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John G Stumpf

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BUSINESS
March 14, 2013 | By E. Scott Reckard, Los Angeles Times
John G. Stumpf, chief executive of Wells Fargo & Co., made more than any banker in America last year - $22.87 million. Stumpf's pay package, disclosed Thursday, was up 15% from 2011, an increase Wells said reflected the San Francisco-based bank's strong performance. Wells earned $18.9 billion, up 19% from 2011, during a year in which big banks collectively turned in near-record profits. The runner-up at $21 million - a 75% increase - was Lloyd C. Blankfein, CEO of New York's Goldman Sachs Group, whose pay has been notably lofty over the years.
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BUSINESS
March 14, 2013 | By E. Scott Reckard
And the winner of this year's banker bonanza award is ... John G. Stumpf, chief executive of San Francisco's Wells Fargo & Co., with a 2012 compensation package totaling $22.87 million. Stumpf's pay package, disclosed Thursday afternoon, was 15% higher than in 2011. Wells said the increase was merited because of the bank's strong showing in 2012. It earned $18.9 billion, up 19% from 2011, during a year in which big banks collectively turned in near-record profits. The runner-up was $21 million, a 75% increase, for Lloyd C. Blankfein, CEO of New York's Goldman Sachs Group, whose pay has been notably lofty over the years.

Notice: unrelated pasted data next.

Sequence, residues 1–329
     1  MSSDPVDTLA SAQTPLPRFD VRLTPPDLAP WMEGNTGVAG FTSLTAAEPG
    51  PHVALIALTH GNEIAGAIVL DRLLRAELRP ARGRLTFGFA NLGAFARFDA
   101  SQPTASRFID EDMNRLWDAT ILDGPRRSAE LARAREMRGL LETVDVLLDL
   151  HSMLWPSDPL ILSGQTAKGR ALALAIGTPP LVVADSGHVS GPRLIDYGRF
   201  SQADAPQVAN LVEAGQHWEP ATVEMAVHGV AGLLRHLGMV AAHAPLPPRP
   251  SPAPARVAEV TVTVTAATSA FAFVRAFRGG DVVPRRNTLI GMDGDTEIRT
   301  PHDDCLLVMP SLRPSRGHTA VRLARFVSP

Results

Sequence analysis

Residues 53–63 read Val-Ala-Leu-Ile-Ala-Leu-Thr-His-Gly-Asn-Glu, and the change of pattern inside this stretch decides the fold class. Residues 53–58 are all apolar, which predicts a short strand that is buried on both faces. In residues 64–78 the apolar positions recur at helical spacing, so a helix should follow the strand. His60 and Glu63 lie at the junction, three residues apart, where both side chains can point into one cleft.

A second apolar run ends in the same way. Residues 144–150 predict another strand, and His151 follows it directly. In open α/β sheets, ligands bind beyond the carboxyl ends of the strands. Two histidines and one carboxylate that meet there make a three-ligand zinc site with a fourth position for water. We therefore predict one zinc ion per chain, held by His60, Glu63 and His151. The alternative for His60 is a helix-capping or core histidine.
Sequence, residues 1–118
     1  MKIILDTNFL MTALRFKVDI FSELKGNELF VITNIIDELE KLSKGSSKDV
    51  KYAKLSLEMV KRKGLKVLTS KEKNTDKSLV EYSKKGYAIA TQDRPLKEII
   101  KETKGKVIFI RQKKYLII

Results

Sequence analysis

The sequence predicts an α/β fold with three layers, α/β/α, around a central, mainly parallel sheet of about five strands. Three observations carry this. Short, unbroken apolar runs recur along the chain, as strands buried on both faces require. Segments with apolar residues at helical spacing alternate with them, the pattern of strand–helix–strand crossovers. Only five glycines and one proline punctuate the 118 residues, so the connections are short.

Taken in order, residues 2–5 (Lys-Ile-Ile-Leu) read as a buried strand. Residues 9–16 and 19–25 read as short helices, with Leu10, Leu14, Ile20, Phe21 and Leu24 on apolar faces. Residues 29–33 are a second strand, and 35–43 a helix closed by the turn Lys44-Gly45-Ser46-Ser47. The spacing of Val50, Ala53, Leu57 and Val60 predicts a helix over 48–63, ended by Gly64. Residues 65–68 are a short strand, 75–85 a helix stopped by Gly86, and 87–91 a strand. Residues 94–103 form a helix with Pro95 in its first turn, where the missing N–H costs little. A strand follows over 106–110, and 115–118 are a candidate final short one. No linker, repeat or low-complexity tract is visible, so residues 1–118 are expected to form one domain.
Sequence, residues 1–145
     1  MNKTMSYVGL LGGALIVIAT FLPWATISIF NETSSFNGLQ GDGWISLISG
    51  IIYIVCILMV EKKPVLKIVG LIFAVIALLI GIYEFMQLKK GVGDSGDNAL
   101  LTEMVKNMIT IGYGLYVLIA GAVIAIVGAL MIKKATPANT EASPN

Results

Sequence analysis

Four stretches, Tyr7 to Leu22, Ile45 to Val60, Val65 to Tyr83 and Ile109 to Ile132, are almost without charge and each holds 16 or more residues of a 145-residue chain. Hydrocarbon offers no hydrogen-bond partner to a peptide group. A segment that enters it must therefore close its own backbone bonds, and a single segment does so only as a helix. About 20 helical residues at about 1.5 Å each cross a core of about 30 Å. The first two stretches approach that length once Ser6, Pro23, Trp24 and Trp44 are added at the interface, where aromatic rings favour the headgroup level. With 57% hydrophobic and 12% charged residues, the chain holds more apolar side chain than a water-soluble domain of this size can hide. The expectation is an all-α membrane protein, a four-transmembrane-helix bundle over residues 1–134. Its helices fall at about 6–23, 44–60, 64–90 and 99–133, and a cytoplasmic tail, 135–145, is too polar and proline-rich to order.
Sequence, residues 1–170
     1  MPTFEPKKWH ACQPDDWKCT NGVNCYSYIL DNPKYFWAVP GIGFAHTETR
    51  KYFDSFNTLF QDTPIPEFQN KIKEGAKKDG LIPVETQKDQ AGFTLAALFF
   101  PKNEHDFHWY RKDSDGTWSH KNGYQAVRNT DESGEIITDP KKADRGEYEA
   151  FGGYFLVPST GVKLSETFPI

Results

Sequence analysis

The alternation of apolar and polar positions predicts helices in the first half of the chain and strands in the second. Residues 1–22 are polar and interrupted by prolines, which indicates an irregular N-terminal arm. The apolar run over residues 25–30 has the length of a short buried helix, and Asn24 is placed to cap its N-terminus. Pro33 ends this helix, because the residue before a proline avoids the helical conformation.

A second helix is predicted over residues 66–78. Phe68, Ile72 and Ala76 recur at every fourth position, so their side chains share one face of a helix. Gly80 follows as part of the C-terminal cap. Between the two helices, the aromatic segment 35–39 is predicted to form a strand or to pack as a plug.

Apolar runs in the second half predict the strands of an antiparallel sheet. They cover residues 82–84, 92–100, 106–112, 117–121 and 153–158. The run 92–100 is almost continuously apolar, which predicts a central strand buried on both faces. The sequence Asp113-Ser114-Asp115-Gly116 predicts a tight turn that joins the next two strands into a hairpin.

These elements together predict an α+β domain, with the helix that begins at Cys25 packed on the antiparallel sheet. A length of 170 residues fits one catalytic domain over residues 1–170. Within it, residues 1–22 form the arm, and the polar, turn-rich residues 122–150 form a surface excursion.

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BUSINESS
March 14, 2013 | By E. Scott Reckard
And the winner of this year's banker bonanza award is ... John G. Stumpf, chief executive of San Francisco's Wells Fargo & Co., with a 2012 compensation package totaling $22.87 million. Stumpf's pay package, disclosed Thursday afternoon, was 15% higher than in 2011. Wells said the increase was merited because of the bank's strong showing in 2012. It earned $18.9 billion, up 19% from 2011, during a year in which big banks collectively turned in near-record profits. The runner-up was $21 million, a 75% increase, for Lloyd C. Blankfein, CEO of New York's Goldman Sachs Group, whose pay has been notably lofty over the years.
BUSINESS
March 14, 2013 | By E. Scott Reckard, Los Angeles Times